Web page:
Premiere: Ódú faces the woman in the mirror on “Feed You Lies”

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Ódu

New York-born, Ireland-raised, singer-songwriter Sally Ó Dúnlaing battles doubts and insecurity on “Feed You Lies,” the new track off forthcoming debut EP Conversations. Ó Dúnlaing, who records and performs under the name Ódú, explained that she began writing “Feed You Lies” about a friend who had seemingly lost his way before realizing she was self-projecting her own insecurities.

The song, a driving, Eurythmics-inspired track with shimmering flourishes and powerfully delivered vocals, was the first Ódú wrote for the EP, and it acts as a sort of mission statement to quit self-sabotaging her dreams.

Ó Dúnlaing recorded the five-track Conversations EP in Ireland with producer Elliot Marchent, who she met in jazz college, and each song is uniquely different from the next, mixing elements of late ’70s disco, early ’80s funk and mid-’80s pop with deeply reflective lyrics.

Conversations will be released Feb. 24. American audiences will have to wait a while to see Ódú. She’s already planning a second EP and plans to grow her performance repertoire first in the U.K.

RIFF: On “Feed You Lies,” you’re clearly battling some self-doubt. Is that a personal song, or are you assuming a character. And if it’s about you, does the doubt still percolate to the surface from time to time?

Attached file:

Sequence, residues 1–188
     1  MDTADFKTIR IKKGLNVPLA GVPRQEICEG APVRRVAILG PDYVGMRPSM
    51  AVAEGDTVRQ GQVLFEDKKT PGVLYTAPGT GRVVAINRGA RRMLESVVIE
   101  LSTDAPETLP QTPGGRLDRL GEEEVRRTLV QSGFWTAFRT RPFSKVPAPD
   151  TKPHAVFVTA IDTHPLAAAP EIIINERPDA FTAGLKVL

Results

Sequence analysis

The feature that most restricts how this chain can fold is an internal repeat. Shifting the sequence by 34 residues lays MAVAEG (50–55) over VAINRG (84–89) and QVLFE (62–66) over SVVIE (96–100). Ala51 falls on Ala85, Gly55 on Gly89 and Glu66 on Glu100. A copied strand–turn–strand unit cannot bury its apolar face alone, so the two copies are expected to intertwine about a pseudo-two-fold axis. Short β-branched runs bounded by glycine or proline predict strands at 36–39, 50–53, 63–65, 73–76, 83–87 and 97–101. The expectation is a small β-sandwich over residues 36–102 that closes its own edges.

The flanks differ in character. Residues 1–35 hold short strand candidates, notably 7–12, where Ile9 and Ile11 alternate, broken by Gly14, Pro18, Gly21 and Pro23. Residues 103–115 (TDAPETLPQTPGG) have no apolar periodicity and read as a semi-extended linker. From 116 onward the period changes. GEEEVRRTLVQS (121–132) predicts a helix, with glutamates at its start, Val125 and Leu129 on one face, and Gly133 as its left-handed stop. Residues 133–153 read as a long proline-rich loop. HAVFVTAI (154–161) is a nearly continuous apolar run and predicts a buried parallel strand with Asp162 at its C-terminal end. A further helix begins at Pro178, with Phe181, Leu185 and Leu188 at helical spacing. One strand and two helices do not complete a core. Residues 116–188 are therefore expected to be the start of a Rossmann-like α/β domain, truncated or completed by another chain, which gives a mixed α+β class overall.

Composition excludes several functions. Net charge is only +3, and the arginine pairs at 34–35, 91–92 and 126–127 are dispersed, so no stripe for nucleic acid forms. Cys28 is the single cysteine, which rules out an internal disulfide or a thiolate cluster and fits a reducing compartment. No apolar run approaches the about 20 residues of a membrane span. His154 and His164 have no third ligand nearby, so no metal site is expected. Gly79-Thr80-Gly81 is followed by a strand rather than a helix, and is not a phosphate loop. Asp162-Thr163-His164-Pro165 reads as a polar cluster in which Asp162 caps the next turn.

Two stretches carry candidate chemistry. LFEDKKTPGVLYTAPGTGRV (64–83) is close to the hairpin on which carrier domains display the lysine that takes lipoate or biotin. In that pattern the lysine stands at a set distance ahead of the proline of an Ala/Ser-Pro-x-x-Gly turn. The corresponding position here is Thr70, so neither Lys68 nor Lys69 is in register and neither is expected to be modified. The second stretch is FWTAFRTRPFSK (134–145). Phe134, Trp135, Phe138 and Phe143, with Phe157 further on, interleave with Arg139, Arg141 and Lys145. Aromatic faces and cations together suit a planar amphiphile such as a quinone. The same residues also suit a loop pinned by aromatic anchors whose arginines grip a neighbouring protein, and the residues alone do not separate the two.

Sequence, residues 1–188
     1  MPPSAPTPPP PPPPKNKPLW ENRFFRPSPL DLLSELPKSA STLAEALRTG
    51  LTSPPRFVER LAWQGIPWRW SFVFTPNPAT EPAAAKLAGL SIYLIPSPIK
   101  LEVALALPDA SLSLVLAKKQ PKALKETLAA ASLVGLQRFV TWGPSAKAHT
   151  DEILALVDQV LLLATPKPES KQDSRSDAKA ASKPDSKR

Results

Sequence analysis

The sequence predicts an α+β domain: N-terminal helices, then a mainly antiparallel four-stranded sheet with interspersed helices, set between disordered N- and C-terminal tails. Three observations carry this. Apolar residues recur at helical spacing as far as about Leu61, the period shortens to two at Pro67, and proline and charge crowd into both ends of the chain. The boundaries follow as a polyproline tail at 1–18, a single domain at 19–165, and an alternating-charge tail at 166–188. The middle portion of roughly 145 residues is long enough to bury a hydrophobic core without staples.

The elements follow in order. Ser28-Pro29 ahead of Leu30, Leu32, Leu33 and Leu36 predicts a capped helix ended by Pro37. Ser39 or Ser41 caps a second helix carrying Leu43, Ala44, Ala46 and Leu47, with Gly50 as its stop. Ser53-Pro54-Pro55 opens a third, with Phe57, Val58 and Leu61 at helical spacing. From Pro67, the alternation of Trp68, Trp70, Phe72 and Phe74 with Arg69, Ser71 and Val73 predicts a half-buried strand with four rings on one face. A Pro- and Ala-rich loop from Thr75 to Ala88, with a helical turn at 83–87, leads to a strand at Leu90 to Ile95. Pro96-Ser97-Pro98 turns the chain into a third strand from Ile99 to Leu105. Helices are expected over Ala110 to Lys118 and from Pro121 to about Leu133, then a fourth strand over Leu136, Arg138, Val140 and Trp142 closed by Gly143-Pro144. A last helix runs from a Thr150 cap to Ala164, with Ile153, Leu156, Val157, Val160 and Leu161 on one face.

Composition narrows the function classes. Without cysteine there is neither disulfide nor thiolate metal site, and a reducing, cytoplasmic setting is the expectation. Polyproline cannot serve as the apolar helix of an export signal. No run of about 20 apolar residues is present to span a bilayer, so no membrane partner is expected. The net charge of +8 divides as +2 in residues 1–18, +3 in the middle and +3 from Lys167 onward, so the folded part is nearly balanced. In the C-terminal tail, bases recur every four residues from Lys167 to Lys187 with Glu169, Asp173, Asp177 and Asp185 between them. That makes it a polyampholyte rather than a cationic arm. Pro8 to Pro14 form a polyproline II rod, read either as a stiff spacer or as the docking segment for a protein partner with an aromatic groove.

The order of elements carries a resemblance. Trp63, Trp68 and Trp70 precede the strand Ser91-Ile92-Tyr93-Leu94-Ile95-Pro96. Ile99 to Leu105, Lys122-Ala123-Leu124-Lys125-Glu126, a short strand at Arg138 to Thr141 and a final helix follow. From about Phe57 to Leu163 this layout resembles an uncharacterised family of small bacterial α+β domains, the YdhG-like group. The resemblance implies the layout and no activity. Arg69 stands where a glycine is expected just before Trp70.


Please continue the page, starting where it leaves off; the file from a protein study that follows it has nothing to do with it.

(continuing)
Yeah, it kind of does, actually. “Feed You Lies,” was originally about a friend of mine that was just really frustrating me, just being so limited in the way he was approaching a lot of things in his life. Then I suddenly realized I was essentially talking to myself. I was essentially projecting everything I was feeling toward this person. A lot of it was basically telling myself to wake up; stop limiting the things that I can and can’t do. And yeah, it was a lot of self-doubt, a lot of frustration with my lack of action. This was a period where I was considering whether or not to show anybody this music at all. I thought, “God, nobody wants to listen to this trash; this is terrible.” Eventually I [said], “I’ve gotta put it out there, and I have to stop censoring myself.” So that song was very much turning things against myself. In a lot of ways, the other songs are quite like that, too. There’s a lot of [songs] inspired by other people, but definitely the situations that are involved are things we seem to all have.

You’re a Marina Diamonds (Marina and the Diamonds) fan. What draws you to her music?

She’s part of a certain kind of ilk of singer-songwriters that I really admire. There’s kind of a holy trinity for me: there’s her, there’s Susanne Sundfør, and also Tove Lo. I love the idea of how confessional they are. They don’t try to dress up a lot of their lyrics in very pretty poetry and stuff. It’s very much their view to hear, and to take in, and it’s sometimes very difficult to listen to, as well. Marina’s last album, Froot, was just an incredible album. It was quite inspiring for me. “Happy,” from that album; I broke down crying listening to that song. So there’s that confessional element to those writers, but they also have a real knack for an earworm. I love the combinations of those things and that’s something I’ve really tried to bring to my own music. I wanna bring those confessional ideas, but also dress ‘em up in great melodies. One of my favorite things in the world is hearing incredibly depressing lyrics with really happy music. I hope to do more of that.

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